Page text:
Back in the day UVa students had to sign an oath promising that “As a Scholar and a Gentleman, I will not lie, cheat, or steal, nor tolerate those who do.” The history is interesting:
It was founded by Virginia students in 1842 after John A. G. Davis, chairman of the faculty and professor of law, who was attempting to resolve a conflict between students, was shot to death. The University had at that point a 17-year history of ongoing tensions between students and faculty over strictly enforced discipline, hours, and dress. Students, sons of the most prominent families of Virginia, found particularly galling the impugning of their honor by stringent supervision during tests: “[t]he students were allowed to bring only a pencil to the classroom, they were forbidden to speak, and the professors, operating in shifts, watched them with ‘lynx-like’ eyes during the course of the examinations.” Law professor Henry St. George Tucker, Sr., proposed a basic honor pledge as an alternative to faculty oversight.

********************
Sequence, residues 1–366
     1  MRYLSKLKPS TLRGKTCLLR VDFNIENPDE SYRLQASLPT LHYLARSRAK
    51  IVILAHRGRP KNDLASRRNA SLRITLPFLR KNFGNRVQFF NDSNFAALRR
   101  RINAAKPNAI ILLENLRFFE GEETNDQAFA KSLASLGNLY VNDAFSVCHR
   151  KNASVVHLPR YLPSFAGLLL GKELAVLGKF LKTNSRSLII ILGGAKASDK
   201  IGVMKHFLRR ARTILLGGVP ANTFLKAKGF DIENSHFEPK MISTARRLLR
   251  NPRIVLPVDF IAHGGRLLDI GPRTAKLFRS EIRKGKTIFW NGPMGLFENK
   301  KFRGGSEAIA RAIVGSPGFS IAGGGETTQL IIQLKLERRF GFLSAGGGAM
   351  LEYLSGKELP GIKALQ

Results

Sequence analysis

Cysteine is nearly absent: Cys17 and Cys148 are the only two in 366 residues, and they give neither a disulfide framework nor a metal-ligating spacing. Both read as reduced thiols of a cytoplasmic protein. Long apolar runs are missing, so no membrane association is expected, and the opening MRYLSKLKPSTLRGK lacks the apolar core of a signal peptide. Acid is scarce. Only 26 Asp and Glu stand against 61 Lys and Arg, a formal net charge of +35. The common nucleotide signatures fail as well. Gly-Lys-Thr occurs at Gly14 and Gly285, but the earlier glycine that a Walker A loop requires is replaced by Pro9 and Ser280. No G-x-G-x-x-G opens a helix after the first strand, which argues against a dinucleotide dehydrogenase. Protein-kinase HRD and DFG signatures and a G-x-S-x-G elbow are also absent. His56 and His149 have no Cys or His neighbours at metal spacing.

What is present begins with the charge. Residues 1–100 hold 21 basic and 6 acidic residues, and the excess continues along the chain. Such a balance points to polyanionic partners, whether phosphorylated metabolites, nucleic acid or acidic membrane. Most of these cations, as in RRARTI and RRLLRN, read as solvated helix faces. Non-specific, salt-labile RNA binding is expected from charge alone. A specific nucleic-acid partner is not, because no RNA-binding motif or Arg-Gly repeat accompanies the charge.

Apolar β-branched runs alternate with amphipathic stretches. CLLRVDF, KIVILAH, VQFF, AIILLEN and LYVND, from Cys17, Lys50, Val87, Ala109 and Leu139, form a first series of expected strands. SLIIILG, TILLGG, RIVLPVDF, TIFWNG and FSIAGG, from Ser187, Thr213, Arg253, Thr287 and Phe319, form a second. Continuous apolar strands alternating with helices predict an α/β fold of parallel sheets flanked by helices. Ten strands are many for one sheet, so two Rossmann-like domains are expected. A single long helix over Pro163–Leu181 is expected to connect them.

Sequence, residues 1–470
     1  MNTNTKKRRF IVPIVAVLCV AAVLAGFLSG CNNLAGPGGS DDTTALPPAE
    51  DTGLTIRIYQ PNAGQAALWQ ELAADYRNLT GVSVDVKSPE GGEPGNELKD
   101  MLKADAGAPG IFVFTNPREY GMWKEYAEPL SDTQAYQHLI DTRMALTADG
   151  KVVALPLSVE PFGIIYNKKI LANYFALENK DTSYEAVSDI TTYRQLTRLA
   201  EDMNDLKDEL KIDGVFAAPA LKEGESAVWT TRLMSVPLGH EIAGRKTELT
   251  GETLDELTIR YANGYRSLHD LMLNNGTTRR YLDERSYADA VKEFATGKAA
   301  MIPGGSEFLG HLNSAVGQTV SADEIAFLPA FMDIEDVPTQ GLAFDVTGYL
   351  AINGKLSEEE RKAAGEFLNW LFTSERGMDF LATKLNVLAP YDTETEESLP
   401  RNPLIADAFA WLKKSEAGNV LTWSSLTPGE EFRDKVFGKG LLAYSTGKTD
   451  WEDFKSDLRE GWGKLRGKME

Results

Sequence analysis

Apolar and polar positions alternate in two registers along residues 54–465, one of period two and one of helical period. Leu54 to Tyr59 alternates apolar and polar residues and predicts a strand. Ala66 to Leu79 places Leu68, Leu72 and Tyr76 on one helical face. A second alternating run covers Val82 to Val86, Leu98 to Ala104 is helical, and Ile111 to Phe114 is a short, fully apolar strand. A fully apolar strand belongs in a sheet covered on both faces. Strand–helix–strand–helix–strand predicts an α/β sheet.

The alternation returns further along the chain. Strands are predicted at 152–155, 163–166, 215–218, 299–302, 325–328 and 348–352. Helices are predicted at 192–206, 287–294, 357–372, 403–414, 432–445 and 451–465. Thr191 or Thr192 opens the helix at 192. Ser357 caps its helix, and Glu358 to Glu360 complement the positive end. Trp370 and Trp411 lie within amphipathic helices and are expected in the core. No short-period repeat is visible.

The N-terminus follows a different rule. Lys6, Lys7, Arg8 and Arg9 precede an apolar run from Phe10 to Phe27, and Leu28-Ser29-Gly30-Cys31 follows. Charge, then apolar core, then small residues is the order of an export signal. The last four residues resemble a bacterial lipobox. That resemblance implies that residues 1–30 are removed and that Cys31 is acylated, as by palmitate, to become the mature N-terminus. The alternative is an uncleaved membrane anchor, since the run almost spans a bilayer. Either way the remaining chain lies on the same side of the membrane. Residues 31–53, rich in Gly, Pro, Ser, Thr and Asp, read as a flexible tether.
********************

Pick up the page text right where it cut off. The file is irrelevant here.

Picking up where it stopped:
Originally the honor system only applied to allegations of cheating, although it was subsequently expanded to hold students to a general standard of gentlemanly conduct: the shared values of an all white, all male Southern aristocratic tradition.
The University of Oregon is now using a similar system to deal with Covid:
However they’ve omitted the “nor tolerate those who do” part of the pledge, which is really the most important part because it makes the pledge self-enforcing. At Mr. Jefferson’s University, failing to report that you had seen someone cheat was as serious an offense as was cheating. As a result students would report cheaters, and could be expelled if they did not.